IJM is the largest international anti-slavery organisation in the world, operating in three main facets: with local police, investigating potential slavery organisations and initiating rescue operations to remove vulnerable people from slavery; with social workers, to help the victims of slavery to re-establish themselves independently and rebuild their lives; and with lawyers, who work to prosecute traffickers to ensure that they cannot establish new operations elsewhere.
By assisting law enforcement organisations to implement and carry through punishments for convicted traffickers, IJM has already seen massive decreases in slavery in a number of countries. An 86% reduction over 5 years has been reported in the Philippines - as publicity surrounding criminal convictions serves as a deterrent for other people who are involved in the facilitation of trafficking.
Encouraging us to talk openly to businesses about the potential of slavery in fashion supply chains. Molly highlighted the fact that Walmart has pioneered an operation with IJM after reports of modern slavery in their own supply chains which led to recent convictions of traffickers.
Once brands are aware of these issues, solutions can be found, and it is IJM’s belief that modern slavery and human trafficking can be ended within our lifetime. You can find out more about the great work that they do by visiting their website, and you can support them by donating via this link.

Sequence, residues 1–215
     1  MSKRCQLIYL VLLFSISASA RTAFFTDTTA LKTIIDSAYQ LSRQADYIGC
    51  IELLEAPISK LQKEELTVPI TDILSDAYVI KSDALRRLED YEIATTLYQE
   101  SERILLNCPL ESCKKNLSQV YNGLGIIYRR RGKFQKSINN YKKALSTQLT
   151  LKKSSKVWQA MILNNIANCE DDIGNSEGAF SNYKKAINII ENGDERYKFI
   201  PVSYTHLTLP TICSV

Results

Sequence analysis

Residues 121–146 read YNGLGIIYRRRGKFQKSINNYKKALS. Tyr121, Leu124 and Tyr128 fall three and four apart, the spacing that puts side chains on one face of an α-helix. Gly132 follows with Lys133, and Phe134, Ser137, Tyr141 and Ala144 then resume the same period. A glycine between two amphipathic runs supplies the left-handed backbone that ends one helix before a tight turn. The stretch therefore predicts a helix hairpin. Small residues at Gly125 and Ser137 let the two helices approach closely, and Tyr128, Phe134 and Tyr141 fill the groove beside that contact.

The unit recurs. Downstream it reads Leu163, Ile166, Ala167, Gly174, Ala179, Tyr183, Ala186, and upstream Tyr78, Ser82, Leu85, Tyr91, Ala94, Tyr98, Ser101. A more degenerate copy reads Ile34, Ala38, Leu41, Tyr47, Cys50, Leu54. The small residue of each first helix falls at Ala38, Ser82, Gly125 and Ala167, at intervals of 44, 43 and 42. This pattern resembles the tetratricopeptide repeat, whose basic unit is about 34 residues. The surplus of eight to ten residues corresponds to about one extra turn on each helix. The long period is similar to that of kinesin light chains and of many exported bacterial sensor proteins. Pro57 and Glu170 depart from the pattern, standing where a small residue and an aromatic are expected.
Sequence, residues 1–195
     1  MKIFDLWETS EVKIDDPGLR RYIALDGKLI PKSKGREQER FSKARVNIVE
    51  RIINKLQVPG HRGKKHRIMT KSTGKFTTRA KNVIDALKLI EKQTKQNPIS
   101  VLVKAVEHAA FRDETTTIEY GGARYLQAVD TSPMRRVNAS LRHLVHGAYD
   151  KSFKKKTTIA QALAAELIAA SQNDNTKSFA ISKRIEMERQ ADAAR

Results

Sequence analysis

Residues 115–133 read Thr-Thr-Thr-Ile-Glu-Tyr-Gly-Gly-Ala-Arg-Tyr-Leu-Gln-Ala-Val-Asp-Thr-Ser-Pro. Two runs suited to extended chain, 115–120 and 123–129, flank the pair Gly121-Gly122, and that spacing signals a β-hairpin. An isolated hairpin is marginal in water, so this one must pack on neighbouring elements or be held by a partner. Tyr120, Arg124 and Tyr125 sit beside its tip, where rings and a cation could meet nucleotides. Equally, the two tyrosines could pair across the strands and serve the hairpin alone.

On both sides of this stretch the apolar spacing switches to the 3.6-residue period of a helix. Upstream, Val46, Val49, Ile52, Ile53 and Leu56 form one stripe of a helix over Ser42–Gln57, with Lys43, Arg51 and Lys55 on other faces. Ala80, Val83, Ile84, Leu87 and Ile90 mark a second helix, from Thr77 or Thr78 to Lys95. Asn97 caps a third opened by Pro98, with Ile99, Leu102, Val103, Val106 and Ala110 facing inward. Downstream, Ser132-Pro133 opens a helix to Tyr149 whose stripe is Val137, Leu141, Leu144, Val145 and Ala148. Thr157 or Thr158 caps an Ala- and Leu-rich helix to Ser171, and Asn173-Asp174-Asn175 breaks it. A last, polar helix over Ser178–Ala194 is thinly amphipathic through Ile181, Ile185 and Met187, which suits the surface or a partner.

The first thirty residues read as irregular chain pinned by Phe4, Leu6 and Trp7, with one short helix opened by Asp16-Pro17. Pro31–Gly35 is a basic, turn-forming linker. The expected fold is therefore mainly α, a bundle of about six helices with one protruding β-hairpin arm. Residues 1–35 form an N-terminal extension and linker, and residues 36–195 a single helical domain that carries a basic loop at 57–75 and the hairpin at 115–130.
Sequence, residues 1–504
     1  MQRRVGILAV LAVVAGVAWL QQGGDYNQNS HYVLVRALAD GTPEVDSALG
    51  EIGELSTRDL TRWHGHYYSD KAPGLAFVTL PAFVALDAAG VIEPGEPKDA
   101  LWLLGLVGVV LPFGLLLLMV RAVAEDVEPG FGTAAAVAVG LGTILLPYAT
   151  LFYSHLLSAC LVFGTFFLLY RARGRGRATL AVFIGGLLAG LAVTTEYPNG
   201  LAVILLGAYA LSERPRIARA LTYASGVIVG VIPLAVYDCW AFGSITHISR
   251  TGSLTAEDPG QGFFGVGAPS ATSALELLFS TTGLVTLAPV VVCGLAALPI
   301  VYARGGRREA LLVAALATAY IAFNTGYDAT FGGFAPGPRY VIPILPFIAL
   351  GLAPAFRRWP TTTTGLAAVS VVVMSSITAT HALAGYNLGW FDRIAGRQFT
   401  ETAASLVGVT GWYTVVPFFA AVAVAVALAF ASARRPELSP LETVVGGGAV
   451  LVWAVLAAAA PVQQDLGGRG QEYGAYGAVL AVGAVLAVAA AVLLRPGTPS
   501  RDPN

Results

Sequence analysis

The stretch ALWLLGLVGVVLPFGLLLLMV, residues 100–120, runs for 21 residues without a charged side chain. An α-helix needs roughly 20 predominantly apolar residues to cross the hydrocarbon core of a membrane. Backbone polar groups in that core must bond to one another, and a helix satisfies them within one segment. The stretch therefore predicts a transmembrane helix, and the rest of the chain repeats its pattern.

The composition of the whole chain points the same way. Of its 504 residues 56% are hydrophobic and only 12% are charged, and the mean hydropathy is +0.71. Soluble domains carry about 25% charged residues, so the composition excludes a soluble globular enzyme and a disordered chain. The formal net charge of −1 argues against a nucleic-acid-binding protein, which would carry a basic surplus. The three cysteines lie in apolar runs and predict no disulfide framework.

Fashion Revolution is the largest global movement of people working for a fairer, safer and cleaner fashion industry. They are one of the most recognised names in sustainable fashion conversation, working under the guidance of three pillars of change: cultural change, industry change and government change.
Fashion Revolution have already seen positive change in response to their efforts; the "I made your clothes" counter-campaign arose when skilled artisans around the world took the opportunity to share their stories about the garments they make.
The final talk from the panel was from Ele of the CoGo app. Derived from the name ‘Connecting Good’, CoGo is an app that allows users to more easily identify retailers that are creating positive impacts, identified under 12 “badges” of accreditation. Beginning life as a charity attempting to create policy changes within the New Zealand government, the CoGo CEO realised that faster change can be created by spreading awareness. This led to the creation of the mobile application that has over 22000 accredited businesses, including both large retail chains and small independent businesses.
Referring to the app as a ‘google for good businesses’, Ele explained that a recent update allows users to securely share their banking information with the app. Which in turn allows the app to inform the user about the positive or negative nature of the companies that they regularly spend money on. The app then uses consumption data from users to encourage other companies to improve their practices in order to gain more accreditation badges and attract more ethically-conscious consumers.